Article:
SCEC Award Number 19070 View PDF
Proposal Category Collaborative Proposal (Integration and Theory)
Proposal Title Quantifying Uncertainty In Models Of Absolute Crustal Stress In Cajon Pass
Name Organization
Karen Luttrell Louisiana State University Bridget Smith-Konter University of Hawaii at Manoa
Other Participants Elliott Helgans (LSU graduate student)
SCEC Priorities 1c, 1d, 1e SCEC Groups SDOT, CXM, SAFS
Report Due Date 04/30/2020 Date Report Submitted 04/23/2020
Project Abstract
We model the in situ stress field in Cajon Pass as the superposition of stress from three tectonic processes: the accumulation of stress on locked faults over variable loading times, the load of topography, and the far field geodynamic driving stress. We resolve our modeled stress fields onto 5 segments of the SCEC Community Fault Model in the Cajon Pass area, calculate the in-plane maximum shear stress to determine the predicted rake direction, and compare to the observed optimal rake direction indicated by earthquake focal mechanisms. By comparing mean rake angle difference along each segment, we find that model fit is most sensitive to the orientation of geodynamic driving stress and least sensitive to fault loading time, with intermediate sensitivity to the magnitude of geodynamic driving stress. Mean rake misfit values for the best fitting models range from 6º to 16º difference. The optimal driving stress orientation varies from west of north (-15º ± 10º on the Mission Creek segment) to east of north (10º ± 10º on the Claremont segment). We identify two end-member best-fitting models: one with varying driving stress along each fault segment, and one with uniform driving stress across the entire region. We calculate the magnitude of resolved shear stress along the CFM fault segments for each and determine the model incorporating heterogeneous driving stress exhibits considerable more segment-scale variations in shear stress. These observations suggest that stress field heterogeneity could be sufficient to explain some of the proposed “earthquake gate” behavior in Cajon Pass.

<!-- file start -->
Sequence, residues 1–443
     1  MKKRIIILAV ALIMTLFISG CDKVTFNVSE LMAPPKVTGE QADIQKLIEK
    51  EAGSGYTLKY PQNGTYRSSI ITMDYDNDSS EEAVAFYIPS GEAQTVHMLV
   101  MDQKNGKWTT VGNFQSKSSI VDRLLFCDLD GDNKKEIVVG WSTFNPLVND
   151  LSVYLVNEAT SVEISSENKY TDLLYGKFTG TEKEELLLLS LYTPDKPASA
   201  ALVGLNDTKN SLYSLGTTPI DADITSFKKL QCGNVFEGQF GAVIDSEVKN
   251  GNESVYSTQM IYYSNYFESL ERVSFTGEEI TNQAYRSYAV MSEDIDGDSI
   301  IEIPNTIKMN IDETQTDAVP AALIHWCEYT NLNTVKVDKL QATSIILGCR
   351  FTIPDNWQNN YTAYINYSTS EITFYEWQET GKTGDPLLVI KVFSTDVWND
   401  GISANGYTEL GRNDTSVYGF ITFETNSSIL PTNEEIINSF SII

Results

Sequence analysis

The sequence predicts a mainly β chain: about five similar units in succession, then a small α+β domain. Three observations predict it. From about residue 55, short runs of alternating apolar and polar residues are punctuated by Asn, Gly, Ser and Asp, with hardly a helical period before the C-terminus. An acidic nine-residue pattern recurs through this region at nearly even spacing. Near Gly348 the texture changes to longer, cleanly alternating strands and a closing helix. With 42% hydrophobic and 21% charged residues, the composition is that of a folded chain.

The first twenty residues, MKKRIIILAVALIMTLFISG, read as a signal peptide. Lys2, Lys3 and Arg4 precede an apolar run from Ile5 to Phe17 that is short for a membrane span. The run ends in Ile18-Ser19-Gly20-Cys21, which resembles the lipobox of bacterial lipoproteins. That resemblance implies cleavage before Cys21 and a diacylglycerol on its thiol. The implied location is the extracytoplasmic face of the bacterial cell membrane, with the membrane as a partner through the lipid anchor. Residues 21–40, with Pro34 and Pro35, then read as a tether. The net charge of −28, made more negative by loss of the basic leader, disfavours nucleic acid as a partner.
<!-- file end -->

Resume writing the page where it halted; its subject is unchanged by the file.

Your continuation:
Intellectual Merit These findings directly support the objectives of the Community Models (CXM) and Stress and Deformation over Time (SDOT) interdisciplinary working groups to answer the basic earthquake science question of “How are faults loaded across temporal and spatial scales?” by constraining how absolute stress and stressing rate vary laterally and with depth on faults, and by evaluating the time dependence of stress transfer on faults.
Broader Impacts This project has enabled one LSU graduate student to conduct research and gain valuable experience in computational modeling, critical thinking skills, and scientific communication. This research was presented at the 2019 SCEC Annual Meeting, the 2018 SSA Annual Meeting, at the 2019 SCEC Community Stress Model Workshop, and has resulted in the successful defense and publication of a Louisiana State University MS thesis.
Exemplary Figure Figure 3: Summary parameter sensitivity and implied resolved shear stress: Mean rake misfit values for individual Cajon Pass fault segments for a range of (a) driving stress orientations (Gθ) and (b) fault segment loading times (tload) for a uniform driving stress magnitude of 30 MPa. Resolved shear stress on CFM fault segments for (c) best fitting composite stress model with uniform driving stress (dashed gray line in (a)) and (d) best fitting composite stress model with variable driving stress (colored bars in (a)).